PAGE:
In the past twenty years, social injustice has increased enormously in Britain and the United States, regardless of the party in power.
At the same time, the idea of social justice itself has been subverted, as the mantras of personal responsibility and equal opportunity have been employed as an excuse for doing nothing about the enrichment of the few at the expense of the many and for making ever harsher demands on the poor and vulnerable. With grace and wit, Brian Barry exposes the shoddy logic and distortion of reality that underpins this ideology.
Once we understand the role of the social structure in limiting options, we have to recognize that really putting into practice ideas such as equal opportunity and personal responsibility would require a fundamental transformation of almost all existing institutions.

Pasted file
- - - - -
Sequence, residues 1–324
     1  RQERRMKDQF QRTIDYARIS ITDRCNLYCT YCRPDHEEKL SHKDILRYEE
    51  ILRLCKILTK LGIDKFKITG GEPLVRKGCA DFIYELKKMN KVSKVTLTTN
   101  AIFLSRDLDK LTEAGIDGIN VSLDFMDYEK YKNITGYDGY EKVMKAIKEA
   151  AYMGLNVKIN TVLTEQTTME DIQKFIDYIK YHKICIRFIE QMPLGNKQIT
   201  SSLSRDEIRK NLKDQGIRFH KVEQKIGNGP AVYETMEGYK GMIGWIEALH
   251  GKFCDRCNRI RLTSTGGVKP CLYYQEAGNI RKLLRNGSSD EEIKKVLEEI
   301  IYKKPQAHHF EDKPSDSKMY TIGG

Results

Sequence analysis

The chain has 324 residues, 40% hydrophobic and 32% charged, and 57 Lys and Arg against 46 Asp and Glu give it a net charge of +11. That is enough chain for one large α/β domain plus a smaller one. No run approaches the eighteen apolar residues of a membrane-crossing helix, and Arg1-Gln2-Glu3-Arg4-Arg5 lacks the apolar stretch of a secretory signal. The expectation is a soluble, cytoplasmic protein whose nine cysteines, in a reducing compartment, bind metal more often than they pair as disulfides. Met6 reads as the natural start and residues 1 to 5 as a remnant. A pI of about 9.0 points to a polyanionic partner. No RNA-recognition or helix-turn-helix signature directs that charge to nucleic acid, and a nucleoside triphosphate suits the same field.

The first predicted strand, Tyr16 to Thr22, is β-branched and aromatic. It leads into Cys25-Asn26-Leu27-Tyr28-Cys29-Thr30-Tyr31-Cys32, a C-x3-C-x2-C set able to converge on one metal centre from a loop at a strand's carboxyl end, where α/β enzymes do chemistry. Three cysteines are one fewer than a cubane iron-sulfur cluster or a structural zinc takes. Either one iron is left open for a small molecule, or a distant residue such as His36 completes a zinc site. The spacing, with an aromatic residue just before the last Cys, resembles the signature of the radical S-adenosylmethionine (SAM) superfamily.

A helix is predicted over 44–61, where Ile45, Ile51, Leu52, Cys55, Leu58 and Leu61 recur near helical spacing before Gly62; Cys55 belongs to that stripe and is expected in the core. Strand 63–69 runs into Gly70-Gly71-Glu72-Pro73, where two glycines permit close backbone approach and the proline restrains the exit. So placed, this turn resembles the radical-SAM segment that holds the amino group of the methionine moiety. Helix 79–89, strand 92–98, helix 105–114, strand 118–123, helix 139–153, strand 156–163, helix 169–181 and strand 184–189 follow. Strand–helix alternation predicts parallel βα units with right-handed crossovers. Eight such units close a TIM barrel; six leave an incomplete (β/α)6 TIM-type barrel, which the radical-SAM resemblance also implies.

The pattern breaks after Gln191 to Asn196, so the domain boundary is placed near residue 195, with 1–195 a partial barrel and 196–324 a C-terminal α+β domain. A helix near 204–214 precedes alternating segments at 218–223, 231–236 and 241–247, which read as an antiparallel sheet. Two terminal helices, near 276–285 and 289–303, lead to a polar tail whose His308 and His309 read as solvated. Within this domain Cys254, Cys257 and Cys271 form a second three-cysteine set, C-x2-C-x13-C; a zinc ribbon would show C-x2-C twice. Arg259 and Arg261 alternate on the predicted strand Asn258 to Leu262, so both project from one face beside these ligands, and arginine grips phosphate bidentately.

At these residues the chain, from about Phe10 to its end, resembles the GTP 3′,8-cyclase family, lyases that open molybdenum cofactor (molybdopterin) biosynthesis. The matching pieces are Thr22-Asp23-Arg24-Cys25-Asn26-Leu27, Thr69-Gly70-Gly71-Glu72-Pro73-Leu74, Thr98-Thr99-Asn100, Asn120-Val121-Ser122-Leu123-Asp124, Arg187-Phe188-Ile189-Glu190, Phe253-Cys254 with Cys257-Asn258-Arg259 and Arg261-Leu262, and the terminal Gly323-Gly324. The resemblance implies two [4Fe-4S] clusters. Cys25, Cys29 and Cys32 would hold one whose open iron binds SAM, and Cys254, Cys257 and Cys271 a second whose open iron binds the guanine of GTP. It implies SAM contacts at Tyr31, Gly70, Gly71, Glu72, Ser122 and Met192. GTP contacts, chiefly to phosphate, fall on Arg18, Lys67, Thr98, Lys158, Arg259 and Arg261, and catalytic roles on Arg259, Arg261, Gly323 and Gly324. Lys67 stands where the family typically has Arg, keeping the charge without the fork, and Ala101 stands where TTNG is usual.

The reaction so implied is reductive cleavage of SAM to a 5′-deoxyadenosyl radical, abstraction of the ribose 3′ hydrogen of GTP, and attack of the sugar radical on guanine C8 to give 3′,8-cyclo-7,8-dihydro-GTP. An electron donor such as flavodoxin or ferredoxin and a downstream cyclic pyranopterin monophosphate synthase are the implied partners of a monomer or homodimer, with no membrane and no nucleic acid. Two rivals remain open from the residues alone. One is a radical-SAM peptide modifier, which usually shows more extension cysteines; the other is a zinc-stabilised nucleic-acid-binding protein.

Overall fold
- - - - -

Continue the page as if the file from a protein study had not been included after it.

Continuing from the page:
Barry argues that only if inequalities of wealth and income are kept within a narrow range can equal prospects for education, health and autonomy be realized.
He proposes a number of policies to achieve a more equal society and argues that they are economically feasible.
But are they politically possible? The apparent stability of the status quo is delusory, he responds: radical changes in our way of life are unavoidable.
Whether these changes are for better or for worse depends partly on the availability of a coherent set of principles and a programme flowing from them that is capable of mobilizing the growing discontent with business as usual.
That is, ultimately, why social justice matters.